Universities and Employability: The power of PR
Writing about web page http://www1.aston.ac.uk/attractive/
Over the past few weeks in my literature search the notions of university engagement with employability and the importance of PR and marketing in recruitment cropped up here and there (specifically in this 2002 esru report by Purcell et al).
Just today I noticed a poster which nicely illustrated how universities can combine PR with graduate employability.
It's part of a campaign by Aston University to show that their graduates are attractive to employers. This campaign is interesting in several respects.
Firstly, it is an example of how some universities, competing for students who are in turn selecting HEIs on the basis of the return (salaries) on their investment (£9000 per year in tuition costs and additional living expenses*), respond to the current HE and labour market climate. Secondly, it is also an example of how universities are justifying the costs of HE to potential students and to their families, tapping into the ‘successful graduate job’ mantra. And thirdly, it is especially interesting from the perspective of gender representation in media and advertising.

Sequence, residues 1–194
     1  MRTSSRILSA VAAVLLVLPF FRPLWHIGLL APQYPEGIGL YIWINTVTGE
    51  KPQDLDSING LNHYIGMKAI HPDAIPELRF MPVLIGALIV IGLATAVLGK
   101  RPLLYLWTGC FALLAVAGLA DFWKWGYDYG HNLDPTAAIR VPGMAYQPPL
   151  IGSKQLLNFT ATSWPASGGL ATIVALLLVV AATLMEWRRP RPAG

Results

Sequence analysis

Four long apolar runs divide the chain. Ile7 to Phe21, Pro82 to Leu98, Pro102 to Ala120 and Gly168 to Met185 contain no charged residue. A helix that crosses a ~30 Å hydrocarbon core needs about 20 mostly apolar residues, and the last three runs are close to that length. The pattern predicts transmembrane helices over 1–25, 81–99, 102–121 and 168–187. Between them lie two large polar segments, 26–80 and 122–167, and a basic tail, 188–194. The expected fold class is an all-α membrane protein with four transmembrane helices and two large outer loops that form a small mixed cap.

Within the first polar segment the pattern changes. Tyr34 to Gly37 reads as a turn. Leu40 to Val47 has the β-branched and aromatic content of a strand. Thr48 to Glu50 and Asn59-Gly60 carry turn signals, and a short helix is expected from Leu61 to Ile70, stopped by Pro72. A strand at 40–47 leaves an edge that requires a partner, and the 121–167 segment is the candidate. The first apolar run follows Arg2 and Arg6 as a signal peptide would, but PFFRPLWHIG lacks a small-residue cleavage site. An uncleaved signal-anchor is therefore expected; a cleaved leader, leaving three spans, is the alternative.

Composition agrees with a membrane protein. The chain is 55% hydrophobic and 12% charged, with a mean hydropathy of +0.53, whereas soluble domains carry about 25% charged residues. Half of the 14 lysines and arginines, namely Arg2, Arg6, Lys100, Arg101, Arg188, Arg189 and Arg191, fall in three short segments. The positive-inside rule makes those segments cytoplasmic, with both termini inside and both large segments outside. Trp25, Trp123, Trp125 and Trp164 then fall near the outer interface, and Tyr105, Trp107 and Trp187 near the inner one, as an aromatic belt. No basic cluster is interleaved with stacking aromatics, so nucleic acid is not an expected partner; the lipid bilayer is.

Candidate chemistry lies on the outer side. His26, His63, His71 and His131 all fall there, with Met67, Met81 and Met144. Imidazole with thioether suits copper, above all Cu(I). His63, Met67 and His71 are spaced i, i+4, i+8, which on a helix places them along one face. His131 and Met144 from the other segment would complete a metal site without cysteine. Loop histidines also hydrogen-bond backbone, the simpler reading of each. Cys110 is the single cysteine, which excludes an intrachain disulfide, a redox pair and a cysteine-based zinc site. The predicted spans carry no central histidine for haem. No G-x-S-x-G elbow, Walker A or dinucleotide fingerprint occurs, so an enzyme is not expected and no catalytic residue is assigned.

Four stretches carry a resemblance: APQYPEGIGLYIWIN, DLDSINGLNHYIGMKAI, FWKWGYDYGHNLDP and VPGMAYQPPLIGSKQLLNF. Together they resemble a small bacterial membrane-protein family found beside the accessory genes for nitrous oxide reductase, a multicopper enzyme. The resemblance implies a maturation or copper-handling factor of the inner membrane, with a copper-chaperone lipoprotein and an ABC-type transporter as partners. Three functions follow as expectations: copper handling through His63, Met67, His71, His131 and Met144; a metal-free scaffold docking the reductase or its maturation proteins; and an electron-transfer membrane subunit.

One of the aspects of the poster which struck me in the thirty seconds of a train stop at Banbury station was the depiction of a male graduate as parody of a model photoshoot, as well as a slight association with Fructis, a (popular?) hair product in the 1990s. In an advertising culture saturated with suggestive images, mostly of women, it is refreshing to see such explicit parodies. To use analytical jargon, it’s a bit lol.
Upon further googling I found a few more posters:
The juxtaposition of these images of graduate employees in professional jobs (suggested by the shirt and tie attire) with 'attractive' for employers in the context of parodies of adverts with suggestive sexual imagery (hot under the collar, suggestive eyebrow, obvious wind machine etc) implies that while sex sells, lol also sells.
These posters are in vogue with the current age of parody on the Internet, evident in memes and viral content, encouraged by the ease with which texts (in the broadest sense, including images, sound etc) can be cut up and repackaged to create new meanings.
Finally, using parody for photos of male and female graduates as part of the campaign is definitely a step towards equality in media representations of gender, at least in some sense of the term.
*Yes, it isn't paid upfront, and yes, the story is a bit more complicated.